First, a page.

Mesoscale research covers atmospheric motions that range from 2 to 2,000 km in horizontal scale. These circulations usually vary from typhoons, fronts, convection, snowfall, and etc. 

The prediction of daily weather forecasts is also included in this field of research as the weather is mainly influenced by mesoscale flow. In our laboratory, a local weather prediction system (Down-Scaling Simulation System: DS3) in Miyagi Prefecture was developed using the Japan Meteorological Agency Nonhydrostatic Model (JMA-NHM) model. Further research is conducted to improve the modeling system. 

Research topics in this field that are covered in our laboratory include, but are not limited to the following:


Vertically integrated cloud water (VIQC, left side) and cloud liquid water path (LWP, right side) of a Yamase in 2003

A low-level cool easterly wind moving towards northern Japan, also known as Yamase, occurs during the rainy season (around early summer) in the Tohoku region. These cool winds keep the surface air temperature low in the daytime by reducing solar insolation which affects the radiation balance and is followed by a wide range of low-level clouds. However, these low-level clouds are so small (~hundreds of meters scale). In order to investigate its formation and development processes, it requires observational surveys and numerical analyses using high-resolution models. 

Studies on Yamase have drawn great attention among researchers as this phenomenon has devastating effects on agricultural production over the Tohoku region.

Further reading:

Shimada, T., Sawada, M., & Iwasaki, T. (2014). Indices of cool summer climate in northern Japan: Yamase indices. Journal of the Meteorological Society of Japan. Ser. II, 92(1), 17-35.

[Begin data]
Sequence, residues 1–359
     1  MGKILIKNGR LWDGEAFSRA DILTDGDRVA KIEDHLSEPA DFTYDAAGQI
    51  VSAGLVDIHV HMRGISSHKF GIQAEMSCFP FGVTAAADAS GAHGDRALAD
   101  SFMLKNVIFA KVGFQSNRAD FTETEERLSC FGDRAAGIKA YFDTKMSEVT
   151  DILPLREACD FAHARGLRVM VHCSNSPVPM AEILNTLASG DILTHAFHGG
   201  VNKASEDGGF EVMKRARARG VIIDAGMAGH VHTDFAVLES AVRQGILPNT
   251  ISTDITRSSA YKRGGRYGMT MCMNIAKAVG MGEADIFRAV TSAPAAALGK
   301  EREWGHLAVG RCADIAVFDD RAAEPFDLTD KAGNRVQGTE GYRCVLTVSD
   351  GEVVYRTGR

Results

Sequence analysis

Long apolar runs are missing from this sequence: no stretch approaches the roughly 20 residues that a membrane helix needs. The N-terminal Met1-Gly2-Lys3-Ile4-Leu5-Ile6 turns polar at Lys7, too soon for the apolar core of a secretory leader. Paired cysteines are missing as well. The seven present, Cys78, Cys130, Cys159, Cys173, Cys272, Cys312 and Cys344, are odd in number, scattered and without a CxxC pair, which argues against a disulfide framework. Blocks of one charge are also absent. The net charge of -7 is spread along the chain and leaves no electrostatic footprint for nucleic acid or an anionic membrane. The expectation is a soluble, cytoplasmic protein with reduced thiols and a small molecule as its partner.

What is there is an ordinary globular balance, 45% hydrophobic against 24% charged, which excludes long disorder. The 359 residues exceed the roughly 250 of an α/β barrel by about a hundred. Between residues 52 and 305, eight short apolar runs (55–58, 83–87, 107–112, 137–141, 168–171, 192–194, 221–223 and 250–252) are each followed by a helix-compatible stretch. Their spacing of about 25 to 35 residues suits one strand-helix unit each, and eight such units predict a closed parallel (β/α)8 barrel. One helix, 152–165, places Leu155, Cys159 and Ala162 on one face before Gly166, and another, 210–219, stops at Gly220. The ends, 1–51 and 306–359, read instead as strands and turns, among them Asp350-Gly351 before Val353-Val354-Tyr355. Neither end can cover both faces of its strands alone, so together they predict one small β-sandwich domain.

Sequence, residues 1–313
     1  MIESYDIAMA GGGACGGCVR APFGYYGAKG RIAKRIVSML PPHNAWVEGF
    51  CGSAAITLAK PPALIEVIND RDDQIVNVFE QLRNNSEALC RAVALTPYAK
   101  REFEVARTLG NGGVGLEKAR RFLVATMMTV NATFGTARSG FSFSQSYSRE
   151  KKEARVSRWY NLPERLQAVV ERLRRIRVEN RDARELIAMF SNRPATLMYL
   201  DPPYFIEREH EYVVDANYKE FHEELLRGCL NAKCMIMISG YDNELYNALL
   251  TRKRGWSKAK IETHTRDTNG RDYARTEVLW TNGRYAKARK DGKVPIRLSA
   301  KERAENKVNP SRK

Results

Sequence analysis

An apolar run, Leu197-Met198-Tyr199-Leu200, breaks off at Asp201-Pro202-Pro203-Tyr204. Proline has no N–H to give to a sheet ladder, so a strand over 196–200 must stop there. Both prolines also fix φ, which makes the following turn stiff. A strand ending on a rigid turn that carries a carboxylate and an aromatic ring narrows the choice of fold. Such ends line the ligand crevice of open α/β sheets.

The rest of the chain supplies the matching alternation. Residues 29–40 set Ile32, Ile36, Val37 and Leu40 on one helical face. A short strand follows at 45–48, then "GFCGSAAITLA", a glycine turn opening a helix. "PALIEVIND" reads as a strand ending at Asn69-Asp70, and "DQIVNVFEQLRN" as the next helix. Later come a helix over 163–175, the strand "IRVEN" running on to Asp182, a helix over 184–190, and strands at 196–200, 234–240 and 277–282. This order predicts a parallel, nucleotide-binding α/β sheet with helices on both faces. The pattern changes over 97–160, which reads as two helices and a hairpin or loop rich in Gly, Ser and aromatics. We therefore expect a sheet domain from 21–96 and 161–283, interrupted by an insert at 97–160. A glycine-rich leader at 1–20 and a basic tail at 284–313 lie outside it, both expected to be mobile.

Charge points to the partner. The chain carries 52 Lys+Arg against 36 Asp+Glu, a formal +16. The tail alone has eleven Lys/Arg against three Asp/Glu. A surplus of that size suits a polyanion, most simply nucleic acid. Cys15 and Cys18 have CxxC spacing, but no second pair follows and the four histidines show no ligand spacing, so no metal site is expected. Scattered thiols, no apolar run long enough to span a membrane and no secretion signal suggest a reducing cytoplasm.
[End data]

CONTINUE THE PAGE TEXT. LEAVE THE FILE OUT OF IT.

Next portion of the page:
Ecosystem model (land carbon cycle)

The terrestrial plants and soil exchange CO2 with the atmosphere through photosynthesis and respiration. It is important to know how the carbon balance is affected in response to climate change as it can influence productions (e.g., food and other agricultural supplies) essential in society. 

Land carbon cycle models can be used to evaluate changes in the terrestrial carbon cycle by numerically simulating the energy, water, and carbon exchanges between the land surface and the atmosphere. 

In our laboratory, the Eco-physiological And Mechanistic approaches using Satellite data (BEAMS) model is used to simulate carbon, energy, and water fluxes. The BEAMS model can provide estimates on the amount of CO2 concentration absorbed by the land, ranging from past to future timescale. This field of research involves complex processes, but studies are continually conducted to further develop the model and to improve the representation of several exchange processes.

Further reading:

Sasai, T., Obikawa, H., Murakami, K., Kato, S., Matsunaga, T., & Nemani, R. R. (2016). Estimation of net ecosystem production in Asia using the diagnostic‐type ecosystem model with a 10 km grid‐scale resolution. Journal of Geophysical Research: Biogeosciences, 121(6), 1484-1502.

Local weather